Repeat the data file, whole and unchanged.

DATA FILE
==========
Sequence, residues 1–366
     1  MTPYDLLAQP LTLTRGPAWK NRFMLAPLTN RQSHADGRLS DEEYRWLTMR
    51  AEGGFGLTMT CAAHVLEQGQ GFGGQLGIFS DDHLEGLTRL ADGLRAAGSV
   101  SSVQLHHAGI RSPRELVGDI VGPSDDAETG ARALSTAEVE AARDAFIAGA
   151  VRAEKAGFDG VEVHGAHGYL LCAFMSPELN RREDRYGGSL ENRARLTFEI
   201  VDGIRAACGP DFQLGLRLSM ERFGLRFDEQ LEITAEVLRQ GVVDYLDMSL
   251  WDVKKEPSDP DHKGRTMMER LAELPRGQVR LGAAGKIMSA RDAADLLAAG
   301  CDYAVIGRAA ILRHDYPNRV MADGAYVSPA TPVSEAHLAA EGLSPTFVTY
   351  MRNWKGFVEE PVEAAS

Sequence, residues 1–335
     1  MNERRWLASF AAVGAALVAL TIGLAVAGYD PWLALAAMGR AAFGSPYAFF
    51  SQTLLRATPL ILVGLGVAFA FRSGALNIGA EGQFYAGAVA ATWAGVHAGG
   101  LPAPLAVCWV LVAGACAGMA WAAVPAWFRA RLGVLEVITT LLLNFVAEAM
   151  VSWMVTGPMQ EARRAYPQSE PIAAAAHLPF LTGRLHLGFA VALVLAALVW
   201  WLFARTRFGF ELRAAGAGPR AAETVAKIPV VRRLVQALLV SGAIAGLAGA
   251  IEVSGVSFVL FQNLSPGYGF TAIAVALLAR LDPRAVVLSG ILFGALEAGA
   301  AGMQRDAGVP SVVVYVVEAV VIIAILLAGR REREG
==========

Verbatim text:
Sequence, residues 1–366
     1  MTPYDLLAQP LTLTRGPAWK NRFMLAPLTN RQSHADGRLS DEEYRWLTMR
    51  AEGGFGLTMT CAAHVLEQGQ GFGGQLGIFS DDHLEGLTRL ADGLRAAGSV
   101  SSVQLHHAGI RSPRELVGDI VGPSDDAETG ARALSTAEVE AARDAFIAGA
   151  VRAEKAGFDG VEVHGAHGYL LCAFMSPELN RREDRYGGSL ENRARLTFEI
   201  VDGIRAACGP DFQLGLRLSM ERFGLRFDEQ LEITAEVLRQ GVVDYLDMSL
   251  WDVKKEPSDP DHKGRTMMER LAELPRGQVR LGAAGKIMSA RDAADLLAAG
   301  CDYAVIGRAA ILRHDYPNRV MADGAYVSPA TPVSEAHLAA EGLSPTFVTY
   351  MRNWKGFVEE PVEAAS

Sequence, residues 1–335
     1  MNERRWLASF AAVGAALVAL TIGLAVAGYD PWLALAAMGR AAFGSPYAFF
    51  SQTLLRATPL ILVGLGVAFA FRSGALNIGA EGQFYAGAVA ATWAGVHAGG
   101  LPAPLAVCWV LVAGACAGMA WAAVPAWFRA RLGVLEVITT LLLNFVAEAM
   151  VSWMVTGPMQ EARRAYPQSE PIAAAAHLPF LTGRLHLGFA VALVLAALVW
   201  WLFARTRFGF ELRAAGAGPR AAETVAKIPV VRRLVQALLV SGAIAGLAGA
   251  IEVSGVSFVL FQNLSPGYGF TAIAVALLAR LDPRAVVLSG ILFGALEAGA
   301  AGMQRDAGVP SVVVYVVEAV VIIAILLAGR REREG